Each program (the source code .cpp files + Makefile) should be submitted through Blackboard (Course Materials > Lab).
You can submit all your programs at the end of the lab session in one submission. This way, we can hopefully avoid the situation when you are quickly writing your program, immediately uploading it to Blackboard, but then, say 10 minutes later, realizing that there is a bug in it.
Basically, submit when you are sure that it will be your final version.
Each program should start with a comment that contains your name and a short program description, for example:
/* Author: Your Name Description: Lab 1. Task 1. Hello world */
You can submit incomplete programs, but their “incomplete” status must be clearly mentioned in the comment to the program. In this case, also briefly describe what is implemented, and what is not.
To execute multiple commands in particular order, taking into account dependencies
between the files, one can use the program called
A trivial case is when you just want to compile a single file program program.cpp, a Makefile may look as follows (Note that indentation symbols should be TABs, not simple spaces, otherwise it would not work):
all: program program: program.cpp g++ -Wall -o program program.cpp clean: rm program
If you have both the cpp file and the
Makefile in your current working directory,
The program will take your
Makefile, read and execute it. By default it will perform the first rule it finds.
In this case, the first rule is the target called
all. This rule does not do anything by itself,
but it requires to call another rule,
program, which actually builds your program.
And now you can run the program you just built:
You can explicitly ask
make to execute a particular rule, for example:
The program used in the previous section can be broken down into three files:
.cpp files must be built with
g++ -c intset.cpp g++ -c main.cpp g++ -o prog intset.o main.o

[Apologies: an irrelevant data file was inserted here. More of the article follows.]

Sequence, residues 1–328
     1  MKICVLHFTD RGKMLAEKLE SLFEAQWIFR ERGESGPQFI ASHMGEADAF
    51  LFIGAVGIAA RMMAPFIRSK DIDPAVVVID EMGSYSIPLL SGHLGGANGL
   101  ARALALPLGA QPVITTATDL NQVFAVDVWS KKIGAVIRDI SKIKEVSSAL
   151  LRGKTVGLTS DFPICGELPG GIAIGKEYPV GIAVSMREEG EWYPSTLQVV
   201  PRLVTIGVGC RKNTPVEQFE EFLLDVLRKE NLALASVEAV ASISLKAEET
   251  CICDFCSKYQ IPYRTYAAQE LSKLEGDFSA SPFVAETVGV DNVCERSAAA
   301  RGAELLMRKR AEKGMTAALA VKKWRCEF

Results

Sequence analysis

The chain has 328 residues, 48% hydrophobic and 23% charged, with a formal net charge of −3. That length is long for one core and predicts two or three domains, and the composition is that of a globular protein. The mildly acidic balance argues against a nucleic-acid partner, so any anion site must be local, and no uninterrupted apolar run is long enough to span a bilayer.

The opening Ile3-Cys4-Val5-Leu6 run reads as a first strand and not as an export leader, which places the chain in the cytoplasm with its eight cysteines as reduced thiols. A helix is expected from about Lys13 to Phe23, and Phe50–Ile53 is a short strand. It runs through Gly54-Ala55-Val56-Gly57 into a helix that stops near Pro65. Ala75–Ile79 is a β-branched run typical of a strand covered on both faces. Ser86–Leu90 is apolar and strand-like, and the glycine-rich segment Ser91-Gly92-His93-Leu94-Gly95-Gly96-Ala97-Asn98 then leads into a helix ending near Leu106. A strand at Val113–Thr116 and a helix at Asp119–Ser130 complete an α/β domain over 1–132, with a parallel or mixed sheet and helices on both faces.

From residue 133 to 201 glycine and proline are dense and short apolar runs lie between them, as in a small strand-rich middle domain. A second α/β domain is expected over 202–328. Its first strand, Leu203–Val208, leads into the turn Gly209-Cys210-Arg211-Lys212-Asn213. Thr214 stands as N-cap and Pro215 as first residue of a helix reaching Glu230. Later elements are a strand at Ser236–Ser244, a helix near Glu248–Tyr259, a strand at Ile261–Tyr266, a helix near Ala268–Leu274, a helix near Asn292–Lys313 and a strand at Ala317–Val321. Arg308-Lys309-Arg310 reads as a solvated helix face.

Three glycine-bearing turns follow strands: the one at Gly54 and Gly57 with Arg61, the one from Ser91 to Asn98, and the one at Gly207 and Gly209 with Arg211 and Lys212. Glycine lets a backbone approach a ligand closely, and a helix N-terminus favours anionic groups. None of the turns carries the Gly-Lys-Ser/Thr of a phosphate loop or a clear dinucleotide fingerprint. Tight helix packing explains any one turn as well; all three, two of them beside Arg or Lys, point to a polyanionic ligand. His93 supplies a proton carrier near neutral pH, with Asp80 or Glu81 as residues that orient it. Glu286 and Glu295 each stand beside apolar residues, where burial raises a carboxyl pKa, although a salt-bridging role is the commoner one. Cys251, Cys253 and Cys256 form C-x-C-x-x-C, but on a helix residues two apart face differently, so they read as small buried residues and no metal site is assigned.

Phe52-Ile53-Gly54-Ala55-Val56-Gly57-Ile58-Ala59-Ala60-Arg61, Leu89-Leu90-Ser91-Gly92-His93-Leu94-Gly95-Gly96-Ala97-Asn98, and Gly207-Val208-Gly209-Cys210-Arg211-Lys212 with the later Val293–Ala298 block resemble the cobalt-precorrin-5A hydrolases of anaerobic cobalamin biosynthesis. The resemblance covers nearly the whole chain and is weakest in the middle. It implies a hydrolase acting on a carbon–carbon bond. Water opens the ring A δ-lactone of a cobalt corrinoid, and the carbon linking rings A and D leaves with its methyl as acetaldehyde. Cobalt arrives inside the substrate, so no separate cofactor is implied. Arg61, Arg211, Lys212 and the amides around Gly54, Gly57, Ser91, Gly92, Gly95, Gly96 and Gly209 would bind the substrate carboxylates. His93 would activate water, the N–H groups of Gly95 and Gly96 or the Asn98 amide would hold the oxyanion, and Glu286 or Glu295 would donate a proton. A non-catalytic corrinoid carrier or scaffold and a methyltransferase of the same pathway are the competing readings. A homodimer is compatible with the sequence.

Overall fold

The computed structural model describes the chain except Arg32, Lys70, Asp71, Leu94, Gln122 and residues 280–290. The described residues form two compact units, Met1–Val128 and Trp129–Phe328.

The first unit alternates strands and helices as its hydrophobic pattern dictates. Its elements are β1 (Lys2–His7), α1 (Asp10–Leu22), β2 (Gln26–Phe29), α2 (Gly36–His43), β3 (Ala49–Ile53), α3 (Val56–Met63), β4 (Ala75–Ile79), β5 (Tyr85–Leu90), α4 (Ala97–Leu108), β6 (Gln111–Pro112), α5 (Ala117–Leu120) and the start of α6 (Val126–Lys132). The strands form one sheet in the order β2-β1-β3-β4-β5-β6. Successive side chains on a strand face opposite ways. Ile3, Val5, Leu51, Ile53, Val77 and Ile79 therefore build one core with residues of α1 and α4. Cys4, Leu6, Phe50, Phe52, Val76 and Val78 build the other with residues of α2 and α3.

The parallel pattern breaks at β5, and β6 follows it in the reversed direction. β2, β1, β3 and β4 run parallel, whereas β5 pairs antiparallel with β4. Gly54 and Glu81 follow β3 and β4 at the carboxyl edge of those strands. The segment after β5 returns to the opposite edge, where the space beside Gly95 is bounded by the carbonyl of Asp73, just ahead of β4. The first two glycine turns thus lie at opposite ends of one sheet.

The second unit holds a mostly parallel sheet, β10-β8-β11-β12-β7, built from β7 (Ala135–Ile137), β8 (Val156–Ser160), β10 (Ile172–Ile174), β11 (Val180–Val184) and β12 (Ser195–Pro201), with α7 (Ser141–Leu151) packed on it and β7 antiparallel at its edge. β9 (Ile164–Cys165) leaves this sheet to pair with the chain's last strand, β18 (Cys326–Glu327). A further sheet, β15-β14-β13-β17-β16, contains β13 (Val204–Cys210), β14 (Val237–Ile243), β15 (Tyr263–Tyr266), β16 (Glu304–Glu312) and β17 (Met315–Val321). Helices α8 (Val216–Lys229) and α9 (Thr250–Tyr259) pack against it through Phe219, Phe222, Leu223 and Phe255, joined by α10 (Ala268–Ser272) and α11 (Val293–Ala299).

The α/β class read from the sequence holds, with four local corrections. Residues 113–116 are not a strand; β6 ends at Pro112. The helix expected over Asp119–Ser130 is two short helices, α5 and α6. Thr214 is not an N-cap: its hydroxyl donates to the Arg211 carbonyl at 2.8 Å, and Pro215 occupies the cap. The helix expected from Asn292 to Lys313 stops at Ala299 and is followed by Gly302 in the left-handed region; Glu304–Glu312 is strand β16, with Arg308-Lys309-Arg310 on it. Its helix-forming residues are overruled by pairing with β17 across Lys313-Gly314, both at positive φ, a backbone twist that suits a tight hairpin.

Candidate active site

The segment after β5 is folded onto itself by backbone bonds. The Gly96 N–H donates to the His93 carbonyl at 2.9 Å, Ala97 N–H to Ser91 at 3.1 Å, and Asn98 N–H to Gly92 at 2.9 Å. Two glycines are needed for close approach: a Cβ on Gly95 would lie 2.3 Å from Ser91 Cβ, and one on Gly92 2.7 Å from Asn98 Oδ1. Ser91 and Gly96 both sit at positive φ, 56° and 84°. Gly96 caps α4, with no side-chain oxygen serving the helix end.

Also note that both of the files depend on the header file,
because both include it with the preprocessor directive
The dependencies diagram looks like this.
Every time some source code file (
.h) gets updated, the files that depend on it must be updated!
Let’s use make to do this automatically.
Instead of calling
g++ three times every time we want to build the program, we
can write a Makefile to do this work:
# The main goal is build the executable "prog" all: prog # To build the program prog, two object files # "intset.o" and "main.o" must be built, # then we can link them and produce the executable: prog: intset.o main.o g++ -Wall -o prog intset.o main.o intset.o: intset.cpp intset.h g++ -Wall -c intset.cpp main.o: main.cpp intset.h g++ -Wall -c main.cpp # Remove the object files and the executable "prog" clean: - rm -rf *.o prog
Read the sections Intro-1 and Intro-2. For each download the source code files, the Makefile, and build the program using
Examine the files from the Intro-2.
Observe how the previously monolithic program program.cpp was divided into three separate files.
The declarations of the class
IntSet are put into its header file, and its implementation is is now in its own
The contents of each header file are enclosed into
#ifndef preprocessor directive that prescribes that
the header is included into the
.cpp files only once.
#ifndef INTSET_H #define INTSET_H ... #endif
All source code files (
.h) that call functions or use other names declared in the header files,
have to include those header files, for exmaple:
In this task you will be given a C++ program and its Makefile, and you have to divide it into mutiple files.
>>> Download: generate.cpp and Makefile <<<
This program generates a random graph (mathematical object = set of nodes together with the set of edges that connect the nodes). In particular, it produces Erdos-Renyi random graph.
To run the program, it requires two parameters, the number of nodes and the filename to save the file, for example:
./generate 100 output.dot
The result is saved in the dot-format that can be converted into a graphics file (PDF in this case) using the program Graphviz, with the following command:
dot -O -Tpdf -Kfdp output.dot
Your task will be to gradually change the program, eventually dividing it into 7 files:
First, separate the class Random into
random.h, the rest of the code keep in the
main.cpp. Make sure it compiles and works correctly. Only then move on to the next step.
Use the IntSet example as a model.
The same way, separate the class Graph into
Separate the function
save_graph() in its own